Business news

KPMG 2022 CEO Outlook: Recession concerns for CEOs but optimism in own business is resilient

Posted By:
Lanyon Group

18th Oct 2022

Almost half of CEOs in Northern Ireland are anticipating a recession in the coming year, but most expect it to be mild and short, according to the eighth KPMG 2022 CEO Outlook. Top of their list of priorities as they manage the expected headwinds in the months ahead are advancing digitalisation, attracting and retaining talent, and executing successful ESG (environmental, social and governance) strategies.

The report (representing the views of CEOs from some of the province’s largest and most influential companies with annual revenues over £460 million) found 44% of those questioned expect Northern Ireland to fall into recession over the next year, a more optimistic outlook than the global survey where 86% of leaders anticipate a recession, and somewhat less optimistic than the Republic where one third feel a recession is likely. Were a recession to occur, just over half of Northern Ireland CEOs expect it to be mild and short, in line with global sentiment. Just over one third (36%) of Northern Ireland leaders didn’t believe the province will fall into recession in the next 12 months when questioned.

Commenting on the findings of the eighth KPMG Global CEO Outlook, Partner in Charge of KPMG in Northern Ireland Johnny Hanna said: “At home and abroad CEOs have been tested by enormous challenges – a global pandemic, inflationary pressures and geopolitical tensions.  Despite this NI leaders continue to show their usual resilience in the face of strong headwinds and are poised to tackle the challenges head on”.

In the short term, while most CEOs are confident in the resilience of their company (80%) and in their industry (84%) in the next six months, this confidence doesn’t extend to their country or the global economy where just 52% and 48% respectively are confident.

Longer-term, the vast majority of Northern Ireland leaders (96%) are confident or very confident about the growth prospects for the province over the next three years with 88% confident of growth in their own business.

However, leaders reported that headwinds to growth remain a challenge. Economic factors – such as rising interest rates, inflation and anticipated recession – as well as regulatory concerns, pandemic fatigue, and continued supply chain interruption were reported by Northern Ireland’s CEOs as the most pressing organisational concerns today.

Technology transformation still a top priority

When it comes to priorities for year ahead, advancing digitalisation and connectivity is the top objective for Northern Ireland leaders in the next three years in order to achieve growth. Unsurprisingly, the majority (80%) said they have aggressive digital investment strategies intended to secure first mover or fast-follower status, a similar result to their peer group in the Republic (76%) and globally (71%).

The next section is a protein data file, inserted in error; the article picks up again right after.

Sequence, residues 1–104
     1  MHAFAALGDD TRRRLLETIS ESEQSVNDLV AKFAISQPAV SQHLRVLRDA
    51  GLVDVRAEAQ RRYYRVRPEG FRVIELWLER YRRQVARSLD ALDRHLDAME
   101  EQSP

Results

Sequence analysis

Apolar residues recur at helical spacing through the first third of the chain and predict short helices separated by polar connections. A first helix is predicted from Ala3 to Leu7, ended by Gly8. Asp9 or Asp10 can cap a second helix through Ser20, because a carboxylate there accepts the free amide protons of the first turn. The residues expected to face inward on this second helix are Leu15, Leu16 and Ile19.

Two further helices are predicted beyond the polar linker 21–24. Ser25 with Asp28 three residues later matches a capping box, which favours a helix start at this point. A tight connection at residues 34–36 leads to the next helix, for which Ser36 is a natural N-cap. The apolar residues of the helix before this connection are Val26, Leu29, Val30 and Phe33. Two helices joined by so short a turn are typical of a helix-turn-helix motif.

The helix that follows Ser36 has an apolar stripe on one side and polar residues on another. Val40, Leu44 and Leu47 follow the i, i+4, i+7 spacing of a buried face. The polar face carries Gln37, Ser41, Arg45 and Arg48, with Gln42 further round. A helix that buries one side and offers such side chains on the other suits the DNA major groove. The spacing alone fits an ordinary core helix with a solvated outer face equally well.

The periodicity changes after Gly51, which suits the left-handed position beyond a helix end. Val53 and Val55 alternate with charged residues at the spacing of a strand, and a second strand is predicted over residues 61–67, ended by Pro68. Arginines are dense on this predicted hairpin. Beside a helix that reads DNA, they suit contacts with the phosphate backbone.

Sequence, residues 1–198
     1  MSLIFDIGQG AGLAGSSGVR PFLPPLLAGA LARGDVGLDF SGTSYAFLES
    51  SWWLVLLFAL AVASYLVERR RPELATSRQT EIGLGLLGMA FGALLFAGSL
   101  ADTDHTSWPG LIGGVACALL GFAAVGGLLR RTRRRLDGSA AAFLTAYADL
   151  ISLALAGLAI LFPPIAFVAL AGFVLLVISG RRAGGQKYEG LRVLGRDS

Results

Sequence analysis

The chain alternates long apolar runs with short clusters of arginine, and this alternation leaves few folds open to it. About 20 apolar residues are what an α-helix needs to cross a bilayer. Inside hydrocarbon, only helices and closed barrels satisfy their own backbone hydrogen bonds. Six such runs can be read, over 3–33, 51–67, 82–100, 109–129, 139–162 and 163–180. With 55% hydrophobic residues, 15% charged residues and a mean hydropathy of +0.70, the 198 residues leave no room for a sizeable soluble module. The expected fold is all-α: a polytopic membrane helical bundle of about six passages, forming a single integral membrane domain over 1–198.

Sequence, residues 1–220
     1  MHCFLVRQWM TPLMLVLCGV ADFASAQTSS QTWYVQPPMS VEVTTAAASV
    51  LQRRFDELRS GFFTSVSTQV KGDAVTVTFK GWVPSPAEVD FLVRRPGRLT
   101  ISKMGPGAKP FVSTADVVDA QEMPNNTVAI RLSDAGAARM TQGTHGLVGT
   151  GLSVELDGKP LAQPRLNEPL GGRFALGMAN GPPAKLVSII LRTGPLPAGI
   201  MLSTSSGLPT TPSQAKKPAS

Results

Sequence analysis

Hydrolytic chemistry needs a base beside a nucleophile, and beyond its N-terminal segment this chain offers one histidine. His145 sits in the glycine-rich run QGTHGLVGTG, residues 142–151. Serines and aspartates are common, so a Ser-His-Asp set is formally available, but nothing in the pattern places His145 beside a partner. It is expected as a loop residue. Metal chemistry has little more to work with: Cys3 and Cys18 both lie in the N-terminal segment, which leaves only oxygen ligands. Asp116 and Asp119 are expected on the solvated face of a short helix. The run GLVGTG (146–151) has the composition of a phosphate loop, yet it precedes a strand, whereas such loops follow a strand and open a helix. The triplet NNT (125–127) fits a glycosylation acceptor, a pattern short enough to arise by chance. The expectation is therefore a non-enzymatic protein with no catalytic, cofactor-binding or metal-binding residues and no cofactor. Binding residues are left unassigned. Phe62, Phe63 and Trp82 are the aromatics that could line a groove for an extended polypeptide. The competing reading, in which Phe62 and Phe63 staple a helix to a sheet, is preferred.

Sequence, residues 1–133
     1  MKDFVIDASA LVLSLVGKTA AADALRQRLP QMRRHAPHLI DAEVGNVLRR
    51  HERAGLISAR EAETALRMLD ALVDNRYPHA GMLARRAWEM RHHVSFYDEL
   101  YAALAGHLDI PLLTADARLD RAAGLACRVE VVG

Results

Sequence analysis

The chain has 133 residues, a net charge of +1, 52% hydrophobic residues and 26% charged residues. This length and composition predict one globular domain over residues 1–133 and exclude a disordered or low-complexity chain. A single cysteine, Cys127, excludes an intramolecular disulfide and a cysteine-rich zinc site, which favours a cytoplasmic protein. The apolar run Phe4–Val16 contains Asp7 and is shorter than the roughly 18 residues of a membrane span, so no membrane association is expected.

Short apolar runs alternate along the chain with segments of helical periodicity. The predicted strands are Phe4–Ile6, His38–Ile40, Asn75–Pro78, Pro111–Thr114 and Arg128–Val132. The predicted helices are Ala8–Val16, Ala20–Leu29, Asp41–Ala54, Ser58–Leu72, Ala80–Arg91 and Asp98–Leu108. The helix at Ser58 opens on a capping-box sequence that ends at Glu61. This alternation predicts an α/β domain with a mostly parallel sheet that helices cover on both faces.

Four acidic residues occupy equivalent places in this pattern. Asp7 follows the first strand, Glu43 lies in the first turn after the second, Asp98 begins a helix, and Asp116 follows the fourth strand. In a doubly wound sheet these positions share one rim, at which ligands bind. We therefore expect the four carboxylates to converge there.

However, recessionary concerns mean just over half (56%) of Northern Ireland’s leaders have already paused their digital transformation strategy or plan to do so in the next six months.

Leaders keen to impress new and incumbent talent

Hybrid working, a legacy of the Covid-19 pandemic, has proven to have had a positive impact on hiring, according to two thirds (64%) of Northern Ireland CEOs. The majority (72%) said it has helped with employee retention and 60% that is has boosted morale. When it comes to productivity, 44% said it has a positive impact and 36% a neutral impact.

Meanwhile, enhancing the employee value proposition in order to retain and attract talent is the second most important operational priority to achieve growth for Northern Ireland’s CEOs over the next three years.

Profits now reflect commitment to ESG

ESG is now a key consideration when it comes to boosting financial returns, building customer relations, improving brand reputation and hiring talent. 44% of Northern Ireland leaders said ESG programmes improve or significantly improve financial performance for their company, a jump from 32% last year.

A similar number said they struggle to communicate their ESG performance to stakeholders. This could become a growing issue as 80% of local CEOs said stakeholders – investors, regulators and customers – are, to a significant or very significant extent, demanding increased reporting and transparency on ESG issues. Meanwhile, 72% of Northern Ireland leaders said it will be key in building customer relationships, 88% said it will help build brand reputation and 96% said it will strengthen employee engagement.